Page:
Fear and a reading problem stood before Kathy Hughson, a 42-year-oldmother of two, and her dreams about walking through the doors of Carroll Community College to pursue a new career.
Her fear stemmed from memories of high school educators telling her that she was not college material. And the former businesswoman had trouble with readingcomprehension.
"I guess it's my age, but now when I have this fear of something,I just jump right into it," said the Eldersburg resident.
Before beginning classes, however, Hughson, like all CCC students, was tested for proper course level placement. As expected, her reading problemwas detected and she was placed in a remedial reading course.
CCCeducators, sensitive to the negative connotation associated with theword "remedial," prefer to call such classes developmental modules. Growing numbers of students are taking these modules in reading, writing and math.
The increase in students is attributed to better testing procedures that identify problems and a greater influx of students who enter college and find that their reading, writing and math skills are rusty years after high school graduation.
"Some students skills are not where we would like them to be," said Donald R. Jansiewicz, CCC's coordinator of curriculum. "It's not a slam at the publicschool system. Schools throughout the country are facing an uphill battle against television and the lack of emphasis on reading in the home."
Libby Little, coordinator for remedial and developmental math and reading courses, said CCC officials do not expect all students entering the college to begin at the same starting line and enroll ina 101 course.
"There is nothing more frustrating for a college kid than to be sitting in a classroom where everything is over his head," she said. "We want students to start where they need to start. I think everyone should be successful at the community college level."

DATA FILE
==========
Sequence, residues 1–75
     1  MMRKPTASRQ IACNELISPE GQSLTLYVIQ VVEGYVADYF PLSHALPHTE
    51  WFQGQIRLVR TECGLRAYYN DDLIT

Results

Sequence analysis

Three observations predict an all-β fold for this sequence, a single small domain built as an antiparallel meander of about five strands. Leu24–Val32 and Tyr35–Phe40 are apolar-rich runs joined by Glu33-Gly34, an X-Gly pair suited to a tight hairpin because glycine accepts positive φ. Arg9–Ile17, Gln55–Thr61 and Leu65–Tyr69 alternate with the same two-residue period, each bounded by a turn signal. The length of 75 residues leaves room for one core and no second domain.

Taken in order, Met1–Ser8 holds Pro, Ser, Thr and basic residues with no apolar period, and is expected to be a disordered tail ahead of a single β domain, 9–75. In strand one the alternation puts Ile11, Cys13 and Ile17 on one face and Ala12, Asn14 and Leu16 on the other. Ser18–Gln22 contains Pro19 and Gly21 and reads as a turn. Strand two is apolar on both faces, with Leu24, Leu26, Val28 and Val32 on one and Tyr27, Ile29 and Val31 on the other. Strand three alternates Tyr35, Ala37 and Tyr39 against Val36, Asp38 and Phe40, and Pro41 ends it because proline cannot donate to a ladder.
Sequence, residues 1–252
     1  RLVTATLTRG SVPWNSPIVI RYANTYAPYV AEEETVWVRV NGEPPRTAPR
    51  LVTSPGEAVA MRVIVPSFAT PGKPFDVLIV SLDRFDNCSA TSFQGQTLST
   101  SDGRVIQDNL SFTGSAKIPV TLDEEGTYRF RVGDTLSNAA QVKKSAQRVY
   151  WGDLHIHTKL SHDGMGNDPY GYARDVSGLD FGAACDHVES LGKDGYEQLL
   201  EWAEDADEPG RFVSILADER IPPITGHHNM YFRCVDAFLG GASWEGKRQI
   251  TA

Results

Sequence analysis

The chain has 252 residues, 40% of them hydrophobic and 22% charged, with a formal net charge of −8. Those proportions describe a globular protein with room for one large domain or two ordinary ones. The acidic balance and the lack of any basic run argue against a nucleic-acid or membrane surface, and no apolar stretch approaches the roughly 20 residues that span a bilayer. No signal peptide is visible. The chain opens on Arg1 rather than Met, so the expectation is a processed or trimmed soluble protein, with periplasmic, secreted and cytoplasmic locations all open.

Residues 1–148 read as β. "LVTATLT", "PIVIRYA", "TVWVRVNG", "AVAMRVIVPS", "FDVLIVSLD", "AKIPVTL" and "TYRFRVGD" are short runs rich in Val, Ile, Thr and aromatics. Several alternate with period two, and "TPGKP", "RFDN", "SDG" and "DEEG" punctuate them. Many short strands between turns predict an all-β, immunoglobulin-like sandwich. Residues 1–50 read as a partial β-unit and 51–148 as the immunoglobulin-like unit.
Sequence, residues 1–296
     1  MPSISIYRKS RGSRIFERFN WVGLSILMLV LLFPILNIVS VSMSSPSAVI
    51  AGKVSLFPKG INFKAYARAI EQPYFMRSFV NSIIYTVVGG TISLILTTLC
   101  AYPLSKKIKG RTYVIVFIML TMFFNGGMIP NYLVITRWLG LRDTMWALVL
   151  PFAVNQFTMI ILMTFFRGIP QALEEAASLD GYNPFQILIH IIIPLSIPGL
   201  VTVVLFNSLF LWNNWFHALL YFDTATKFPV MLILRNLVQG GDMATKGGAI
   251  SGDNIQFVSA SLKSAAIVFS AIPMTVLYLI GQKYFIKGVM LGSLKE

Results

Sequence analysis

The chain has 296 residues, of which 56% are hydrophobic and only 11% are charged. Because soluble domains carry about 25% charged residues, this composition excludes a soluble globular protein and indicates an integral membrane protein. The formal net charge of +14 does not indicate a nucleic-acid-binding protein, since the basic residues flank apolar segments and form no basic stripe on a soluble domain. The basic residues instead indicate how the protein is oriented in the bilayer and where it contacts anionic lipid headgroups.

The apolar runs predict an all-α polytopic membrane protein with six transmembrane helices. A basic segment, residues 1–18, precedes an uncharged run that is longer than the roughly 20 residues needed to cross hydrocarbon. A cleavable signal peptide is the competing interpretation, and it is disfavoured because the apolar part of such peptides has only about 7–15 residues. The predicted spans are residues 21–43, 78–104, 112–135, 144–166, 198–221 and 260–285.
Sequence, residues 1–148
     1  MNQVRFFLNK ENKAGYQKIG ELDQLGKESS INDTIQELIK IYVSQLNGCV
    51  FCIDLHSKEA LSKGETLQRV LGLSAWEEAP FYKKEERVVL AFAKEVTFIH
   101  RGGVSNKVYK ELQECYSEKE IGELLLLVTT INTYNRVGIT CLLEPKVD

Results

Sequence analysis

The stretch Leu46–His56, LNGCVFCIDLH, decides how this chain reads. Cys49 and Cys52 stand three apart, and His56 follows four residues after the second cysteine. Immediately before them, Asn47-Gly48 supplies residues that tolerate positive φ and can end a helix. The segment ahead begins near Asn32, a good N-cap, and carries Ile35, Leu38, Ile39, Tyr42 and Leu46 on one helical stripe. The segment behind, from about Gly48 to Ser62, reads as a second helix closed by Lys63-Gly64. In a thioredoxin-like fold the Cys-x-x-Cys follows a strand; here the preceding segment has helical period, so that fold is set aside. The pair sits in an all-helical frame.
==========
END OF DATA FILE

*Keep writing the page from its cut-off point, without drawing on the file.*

To ensure success, CCC also offers classes in achieving academic success -- courses that alleviate fear of tests and help students adaptto a college atmosphere.
In addition, an integral part of studentlife at CCC is the academic center, where students can receive tutoring from peers and instructors and also work tutorials on computers, said Barb Gardner, who manages the center.
Students logged 4,843 visits during the fall semester, up 157 percent from the same period in 1989 when 2,407 visits were recorded, said Gardner, an instructor of developmental education courses.
A regular at the academic center is Carole Weeks, who says the modules in English and math have helped her academic career a great deal.
The 23-year-old Gamber resident had nothing but praise for her experience at CCC, which she contrasted with that of an Anne Arundel County institution, where she was placed in a basic drafting course despite her own misgivings about herreadiness.
"It was way over my head," she said.
Jansiewicz called student success in developmental modules "absolutely critical."
His conclusion is based on a study he conducted of the college's curriculum last summer. He said students must succeed at the developmental level in order to succeed later.
"If we can't do a good job inthose areas, we are going to be hurting a lot of people," he said. "It's marvelous what some of are developmental people are doing."